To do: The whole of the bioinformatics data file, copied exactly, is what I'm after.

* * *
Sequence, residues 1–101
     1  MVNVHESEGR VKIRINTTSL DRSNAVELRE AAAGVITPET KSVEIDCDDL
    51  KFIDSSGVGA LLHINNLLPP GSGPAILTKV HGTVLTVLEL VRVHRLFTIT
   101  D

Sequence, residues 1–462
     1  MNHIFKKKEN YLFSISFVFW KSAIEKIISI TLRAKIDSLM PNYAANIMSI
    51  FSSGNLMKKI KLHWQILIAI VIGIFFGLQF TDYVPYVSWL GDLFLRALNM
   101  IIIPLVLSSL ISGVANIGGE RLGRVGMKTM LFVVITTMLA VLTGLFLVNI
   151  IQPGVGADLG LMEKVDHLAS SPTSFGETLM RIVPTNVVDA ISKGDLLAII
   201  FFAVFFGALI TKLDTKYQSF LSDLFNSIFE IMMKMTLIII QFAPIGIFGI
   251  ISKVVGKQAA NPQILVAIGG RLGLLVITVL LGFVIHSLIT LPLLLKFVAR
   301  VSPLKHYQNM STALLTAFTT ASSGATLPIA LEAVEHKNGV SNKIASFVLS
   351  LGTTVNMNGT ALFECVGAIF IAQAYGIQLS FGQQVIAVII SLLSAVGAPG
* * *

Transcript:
Sequence, residues 1–101
     1  MVNVHESEGR VKIRINTTSL DRSNAVELRE AAAGVITPET KSVEIDCDDL
    51  KFIDSSGVGA LLHINNLLPP GSGPAILTKV HGTVLTVLEL VRVHRLFTIT
   101  D

Sequence, residues 1–462
     1  MNHIFKKKEN YLFSISFVFW KSAIEKIISI TLRAKIDSLM PNYAANIMSI
    51  FSSGNLMKKI KLHWQILIAI VIGIFFGLQF TDYVPYVSWL GDLFLRALNM
   101  IIIPLVLSSL ISGVANIGGE RLGRVGMKTM LFVVITTMLA VLTGLFLVNI
   151  IQPGVGADLG LMEKVDHLAS SPTSFGETLM RIVPTNVVDA ISKGDLLAII
   201  FFAVFFGALI TKLDTKYQSF LSDLFNSIFE IMMKMTLIII QFAPIGIFGI
   251  ISKVVGKQAA NPQILVAIGG RLGLLVITVL LGFVIHSLIT LPLLLKFVAR
   301  VSPLKHYQNM STALLTAFTT ASSGATLPIA LEAVEHKNGV SNKIASFVLS
   351  LGTTVNMNGT ALFECVGAIF IAQAYGIQLS FGQQVIAVII SLLSAVGAPG